My beef here is not with the reform effort per se, which I wholeheartedly supported, but with what I saw as the cynicism of the IQ movement and the rush to elect a "reformer" just for the sake of opposing cronyism and not for the sake of having qualified assessors in office.

You're right on one point. On the whole, I would tend to agree that assessments now are much more accurate than before, though one can still find some inexplicable inequities (check out OPBOA's records for 2733 Pine Street, 2725 Pine Street, 2719 Pine Street - my home, and 7231 Broad Place, for example. These are my immediate neighbors on my block.) And it is these inequities that persist which lead me to have not as much confidence as you seem to have.

However, I should note that I was actually improperly mixing two separate things in my comment: (1)comparing Nancy Marshall's current assessments now with the current assessments of her fellow assessors and (2) comparing Nancy Marshall's current assessments with those of her predecessors. You were commenting on the second, and I think you are right, for the most part. But I was also thinking about the first. And because of this, what I also partly meant to convey was that I don't think the accuracy of current assessments is necessarily a product of anything Nancy Marshall is doing or any special skills that she has. Since the Times-Pic ran its series on the subject, all Assessments in all districts have gone up. Although we can't know this for certain, chances are that even Coman would have raised assessments this time around, too, had he been elected to the office. But what this does seem to imply is that Nancy Marshall's district can't be singled out for special consideration in this regard. And you'd probably need to give the other assessors -- even the cronyists -- equal kudos for raising assessments, too.

Now, maybe you'd argue that the IQ movement turned popular opinion in such a way as to pressure the assessors to change their ways. I'll concede that this is possible. But I'd argue rather that it was the Times-Pic's investigative reporting on this subject that turned popular opinion and gave rise to the IQ movement. I still strongly believe that the IQ movement was a cynical and improper way to advocate and carry out needed reform. But just because I didn't support the IQ way doesn't mean I opposed reforming the system.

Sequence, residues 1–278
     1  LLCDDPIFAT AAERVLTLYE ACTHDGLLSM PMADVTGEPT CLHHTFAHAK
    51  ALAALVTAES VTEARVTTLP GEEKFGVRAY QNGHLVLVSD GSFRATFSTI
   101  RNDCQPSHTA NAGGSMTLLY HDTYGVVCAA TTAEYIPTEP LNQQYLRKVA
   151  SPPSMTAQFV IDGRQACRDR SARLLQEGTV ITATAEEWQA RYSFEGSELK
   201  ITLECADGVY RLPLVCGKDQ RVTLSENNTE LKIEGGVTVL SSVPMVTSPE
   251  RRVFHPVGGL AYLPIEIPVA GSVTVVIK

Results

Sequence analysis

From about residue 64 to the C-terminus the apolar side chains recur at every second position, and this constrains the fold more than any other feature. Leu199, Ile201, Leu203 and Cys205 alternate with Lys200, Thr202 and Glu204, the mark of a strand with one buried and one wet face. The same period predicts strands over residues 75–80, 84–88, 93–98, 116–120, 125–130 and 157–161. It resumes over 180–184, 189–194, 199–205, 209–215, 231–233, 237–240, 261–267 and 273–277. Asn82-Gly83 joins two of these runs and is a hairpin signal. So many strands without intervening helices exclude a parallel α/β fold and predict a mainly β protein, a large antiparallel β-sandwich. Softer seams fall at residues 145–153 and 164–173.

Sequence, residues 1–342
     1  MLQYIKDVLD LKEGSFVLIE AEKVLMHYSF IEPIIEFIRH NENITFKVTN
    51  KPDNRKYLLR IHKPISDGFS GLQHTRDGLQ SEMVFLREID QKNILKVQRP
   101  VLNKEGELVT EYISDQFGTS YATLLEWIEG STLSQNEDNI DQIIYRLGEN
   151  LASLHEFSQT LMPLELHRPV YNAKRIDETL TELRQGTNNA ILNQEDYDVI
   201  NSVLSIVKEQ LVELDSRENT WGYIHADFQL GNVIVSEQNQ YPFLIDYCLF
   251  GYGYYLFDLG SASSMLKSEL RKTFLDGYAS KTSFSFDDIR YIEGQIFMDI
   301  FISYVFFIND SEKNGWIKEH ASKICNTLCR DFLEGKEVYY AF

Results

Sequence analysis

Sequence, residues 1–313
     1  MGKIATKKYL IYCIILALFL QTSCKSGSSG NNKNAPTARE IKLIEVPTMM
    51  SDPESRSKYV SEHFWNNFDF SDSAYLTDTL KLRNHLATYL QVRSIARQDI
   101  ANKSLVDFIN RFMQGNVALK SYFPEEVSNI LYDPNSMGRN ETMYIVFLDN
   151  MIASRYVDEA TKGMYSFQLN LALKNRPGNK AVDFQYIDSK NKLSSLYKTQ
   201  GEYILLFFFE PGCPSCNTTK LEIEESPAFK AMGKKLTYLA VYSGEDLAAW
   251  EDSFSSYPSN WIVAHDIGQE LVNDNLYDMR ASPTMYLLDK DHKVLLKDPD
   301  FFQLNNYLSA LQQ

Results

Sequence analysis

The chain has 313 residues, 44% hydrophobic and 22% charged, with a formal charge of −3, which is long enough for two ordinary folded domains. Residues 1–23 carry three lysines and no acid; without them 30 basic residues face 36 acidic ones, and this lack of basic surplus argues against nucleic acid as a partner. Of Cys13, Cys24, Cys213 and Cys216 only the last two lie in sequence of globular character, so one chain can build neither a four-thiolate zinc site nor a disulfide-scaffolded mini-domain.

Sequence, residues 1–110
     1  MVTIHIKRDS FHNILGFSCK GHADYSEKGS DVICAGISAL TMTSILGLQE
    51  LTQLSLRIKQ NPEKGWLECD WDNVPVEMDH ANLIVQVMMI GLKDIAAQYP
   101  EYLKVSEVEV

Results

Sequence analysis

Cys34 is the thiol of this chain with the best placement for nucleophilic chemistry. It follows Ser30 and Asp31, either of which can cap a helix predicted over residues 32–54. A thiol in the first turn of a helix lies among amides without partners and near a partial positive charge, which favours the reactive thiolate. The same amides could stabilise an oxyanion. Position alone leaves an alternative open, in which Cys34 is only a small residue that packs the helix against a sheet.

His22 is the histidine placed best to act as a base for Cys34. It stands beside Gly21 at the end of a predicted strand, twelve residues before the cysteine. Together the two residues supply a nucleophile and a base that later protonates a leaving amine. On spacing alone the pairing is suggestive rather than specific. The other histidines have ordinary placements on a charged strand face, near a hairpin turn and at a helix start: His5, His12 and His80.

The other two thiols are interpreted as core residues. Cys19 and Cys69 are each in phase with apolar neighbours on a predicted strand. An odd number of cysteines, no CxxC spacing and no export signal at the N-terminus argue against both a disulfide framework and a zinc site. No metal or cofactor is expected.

By Blogger Huck, at 5:57 PM  

Hey, I haven't had to pay property taxes yet, so I was never exposed to any of this. That being said, I've followed what you said and you're right on.

I just was trying to figure out something smarter to say than, "ditto."

By Blogger Clay, at 6:41 AM  

Awesome, I'm intentionally misleading now. Please everyone, don't let me mislead you, intentionally or otherwise. Please feel free to have faith and trust in the folks that run city govt. They've never shown us any reason not too. Right?

By Anonymous el stevo, at 8:10 AM  


Fuck you and your "disapointment". If you read any of my comments on the subject they are all about having faith and trust in the jackasses that run this city who say they are going to roll back millages and keep them there. If they did, that would be fair. Fuck me for not really believing them or trusting them when a financial windfall is staring them in their greedy faces. There was another story in the paper yesterday about the S&WB meeting to discuss rolling the millages back up after the mandated roll back. Yeah, I know the meeting was postponed on that subject and all the city council folks promise not to do it. Well, there's the fucking issue. Will they or won't they. Fair is fine, but what it boils down to is that tax bill we all get and how it is going to fuck with our lives if they don't roll the millage back and keep it there. Then, it won't be fair. Will it?

You seem distrusting of so many aspects of government and politicians in general (something we share) except on this issue.

Fuck the rich assholes on Audobon Place. I agree with you, I ain't one of them. John Georges is though. Tommy Coleman is his father-in-law by the way.

If my tax bill is fair when it's all said and done then I am fine with everything, but we won't know about that until sometime in November when they deal with the millage. I don't like relying on faith and trust does not come easy to me. In fact, trust has to be earned. I guess I'm a lunatic and an intentional misleader, but the city and its circus of crooks and buffoons has yet to win my trust. I sincerely hope they do come November.

By Anonymous el stevo, at 10:05 AM